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One Day in Paris: Taking the Temperature of Investment Research Evaluation

08 March 2019 Francis Land

Visiting Paris from London last week with my colleague David Cook, Head of Regulatory Affairs at IHS Markit, never has the expression "Elephant in the Room" seemed so appropriate.

For now at least, we do not know what effect, if any, Brexit will have on MiFID II in particular, or on future European financial regulations in general.

Thirteen months in from MiFID II, we met with the French financial services industry regulator, Autorité des marchés financiers (AMF), and the European Securities Markets Association (ESMA).

David and I wanted to hear their thoughts on how the new regulations on research payments are going. Additionally, we shared our experience in other regions (Asia-Pacific, US) and explained how clients use IHS Markit products for compliance and to improve their research procurement processes.

During the period when MiFID II regulations were under construction, there was arguably no greater dichotomy of opinion on the future shape of the investment research industry, and how research is paid for, than between the Financial Conduct Authority (FCA) in London and the AMF in France.

Ten or so years before, during the CP-176 process, the Financial Services Authority (the FCA's previous incarnation) was a driving force behind increased transparency in trading commission payments and the use of commission sharing arrangements (CSAs) as an approved means for asset managers to secure best results for themselves and their customers in trading performance and research procurement. Subsequent periodic reviews by the UK regulator suggested a general satisfaction with the increased transparency and use of CSAs. CSAs became an increasingly common way to pay for research in Europe with regulators, including the AMF in France, which successfully adopted its own CSA regulations in the area.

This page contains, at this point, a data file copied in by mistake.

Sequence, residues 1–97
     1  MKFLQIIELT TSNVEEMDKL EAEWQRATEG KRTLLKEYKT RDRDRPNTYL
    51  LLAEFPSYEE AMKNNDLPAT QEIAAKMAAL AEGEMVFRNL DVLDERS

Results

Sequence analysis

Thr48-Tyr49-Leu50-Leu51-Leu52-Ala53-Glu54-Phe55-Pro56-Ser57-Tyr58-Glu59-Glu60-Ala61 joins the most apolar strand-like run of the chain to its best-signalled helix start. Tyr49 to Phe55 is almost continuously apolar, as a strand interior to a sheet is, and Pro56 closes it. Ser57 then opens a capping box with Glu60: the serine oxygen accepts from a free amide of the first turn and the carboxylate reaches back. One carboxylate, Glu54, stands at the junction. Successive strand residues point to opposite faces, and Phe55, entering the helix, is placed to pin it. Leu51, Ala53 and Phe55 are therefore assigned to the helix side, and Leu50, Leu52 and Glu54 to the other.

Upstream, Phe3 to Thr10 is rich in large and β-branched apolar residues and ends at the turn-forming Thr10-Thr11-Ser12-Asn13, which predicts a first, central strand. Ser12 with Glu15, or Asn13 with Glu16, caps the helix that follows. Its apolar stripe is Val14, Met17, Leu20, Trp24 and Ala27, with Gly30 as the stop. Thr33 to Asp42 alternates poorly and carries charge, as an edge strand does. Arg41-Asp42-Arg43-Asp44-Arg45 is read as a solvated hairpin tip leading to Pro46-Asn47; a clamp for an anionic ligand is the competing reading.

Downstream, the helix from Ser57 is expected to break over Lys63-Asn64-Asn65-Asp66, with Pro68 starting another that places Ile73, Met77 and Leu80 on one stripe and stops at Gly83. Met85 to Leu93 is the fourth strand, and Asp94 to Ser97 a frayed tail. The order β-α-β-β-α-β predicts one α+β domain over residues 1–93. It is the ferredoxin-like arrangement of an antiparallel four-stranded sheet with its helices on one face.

Fast forward to the MiFID II negotiations, and as previously mentioned, it was the FCA that argued for an outright ban on commissions paying for investment research, while the AMF took the opposite approach, believing the existing model was fundamentally sound, but could benefit from some enhancements.

So why did the FCA see the world so differently?

One could spend a lot of time on that question, but I would highlight a combination of: the enormous impact of the 2008 financial crisis and the implementation of far reaching controls of other perceived conflicts of interest (inducements in particular) - linked to a particular concern on the FCA's behalf to be seen to be protecting the interests of the "main in the street", the retail investor.

The AMF on the other hand took the opposite stance, arguing that commissions and CSAs were an efficient way of paying for research and should continue to be an option.